Our son is four and a half. I have another little one due in January, and we still have no idea what we are going to do.
I'm trying to frontload as much as I can now in terms of my own tenure-track responsibilities—publications, article and grant submissions, and service—to have more flexibility in the spring. But I will have to teach my usual load (2/2) and will be taking about six weeks off for family leave, which will be challenging because I only have five weeks of accumulated sick time and we do not have paid maternity leave. Right now I'm saving as much as I can so I can at least take one week of unpaid leave.
The campus pre-school does not provide infant care, so this is going to be a real problem— especially because many daycares do not accept part-time infants. We'll figure it out. Likely, the baby will be in care part-time—either at a home-based daycare or with a part-time nanny or babysitter—and my husband and I will juggle school and work responsibilities with taking care of the baby. One of the things I do love about this job is the fact that there is so much flexibility in terms of schedule.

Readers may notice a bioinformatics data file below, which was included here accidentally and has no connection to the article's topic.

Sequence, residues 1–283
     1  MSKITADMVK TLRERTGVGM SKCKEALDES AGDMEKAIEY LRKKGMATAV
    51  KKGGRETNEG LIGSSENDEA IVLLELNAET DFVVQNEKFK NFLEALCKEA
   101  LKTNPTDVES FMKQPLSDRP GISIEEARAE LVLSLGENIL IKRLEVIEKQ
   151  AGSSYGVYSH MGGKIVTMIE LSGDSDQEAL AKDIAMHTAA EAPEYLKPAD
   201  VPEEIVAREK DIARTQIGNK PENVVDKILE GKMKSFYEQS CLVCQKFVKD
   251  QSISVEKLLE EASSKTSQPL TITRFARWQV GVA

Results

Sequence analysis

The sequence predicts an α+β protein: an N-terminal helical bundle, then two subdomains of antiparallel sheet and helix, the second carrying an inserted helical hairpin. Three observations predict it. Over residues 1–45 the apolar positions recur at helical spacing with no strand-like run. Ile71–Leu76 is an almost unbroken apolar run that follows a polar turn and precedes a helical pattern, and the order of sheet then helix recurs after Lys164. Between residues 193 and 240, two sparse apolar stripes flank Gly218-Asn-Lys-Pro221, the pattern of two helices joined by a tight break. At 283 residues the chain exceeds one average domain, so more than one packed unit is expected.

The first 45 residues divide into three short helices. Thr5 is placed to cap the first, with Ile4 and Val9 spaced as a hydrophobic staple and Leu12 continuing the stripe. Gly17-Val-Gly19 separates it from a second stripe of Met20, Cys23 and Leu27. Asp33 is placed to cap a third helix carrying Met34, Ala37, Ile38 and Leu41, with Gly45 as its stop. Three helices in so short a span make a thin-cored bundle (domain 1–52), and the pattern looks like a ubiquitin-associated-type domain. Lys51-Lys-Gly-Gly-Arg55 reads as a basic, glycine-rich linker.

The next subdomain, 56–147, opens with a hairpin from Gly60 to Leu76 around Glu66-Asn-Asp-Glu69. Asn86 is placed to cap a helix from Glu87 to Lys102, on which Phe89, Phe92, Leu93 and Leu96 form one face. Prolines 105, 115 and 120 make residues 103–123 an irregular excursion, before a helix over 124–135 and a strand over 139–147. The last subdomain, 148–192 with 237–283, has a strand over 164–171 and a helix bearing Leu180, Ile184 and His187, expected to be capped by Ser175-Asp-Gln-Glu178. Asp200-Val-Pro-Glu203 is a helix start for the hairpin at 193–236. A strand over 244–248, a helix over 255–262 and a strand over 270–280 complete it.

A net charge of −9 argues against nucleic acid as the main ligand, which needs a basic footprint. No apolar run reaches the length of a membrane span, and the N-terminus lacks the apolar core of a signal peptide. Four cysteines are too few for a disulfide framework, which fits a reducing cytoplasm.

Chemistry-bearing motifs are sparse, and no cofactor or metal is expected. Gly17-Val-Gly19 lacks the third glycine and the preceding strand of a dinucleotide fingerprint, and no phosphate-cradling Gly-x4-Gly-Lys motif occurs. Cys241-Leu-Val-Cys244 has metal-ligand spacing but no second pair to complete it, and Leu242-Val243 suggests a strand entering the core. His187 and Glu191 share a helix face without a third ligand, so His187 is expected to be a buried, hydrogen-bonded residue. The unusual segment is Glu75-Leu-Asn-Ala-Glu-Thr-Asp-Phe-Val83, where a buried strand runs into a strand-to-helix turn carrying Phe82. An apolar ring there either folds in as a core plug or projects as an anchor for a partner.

On reaching out:
I see many of my colleagues make do with less money than me. We don't talk about salaries in my department, but we do exchange a lot of tips on budgeting. A lot of us are single providers, so we talk about things we can do with our kids. We have a UCF faculty parents group on Facebook, which I created, where we also talk about how to manage our student loans, how to file taxes, and financing our homes.
These discussions foster a sense of community on campus and reduce isolation. We give each other moral support.
I'm sharing my story because the biggest lesson I learned during my transition from graduate school to the tenure track is that getting a full-time faculty position does not mean an automatic entry into comfort. Adjuncts aren't the only ones who face financial struggle.
I do have some survivor’s guilt because so many of my colleagues who are adjuncts are struggling. I struggle, but not like 70 percent of the academic workforce. At the same time, there’s also social pressure to be grateful that you have a steady job. My story is not extraordinary.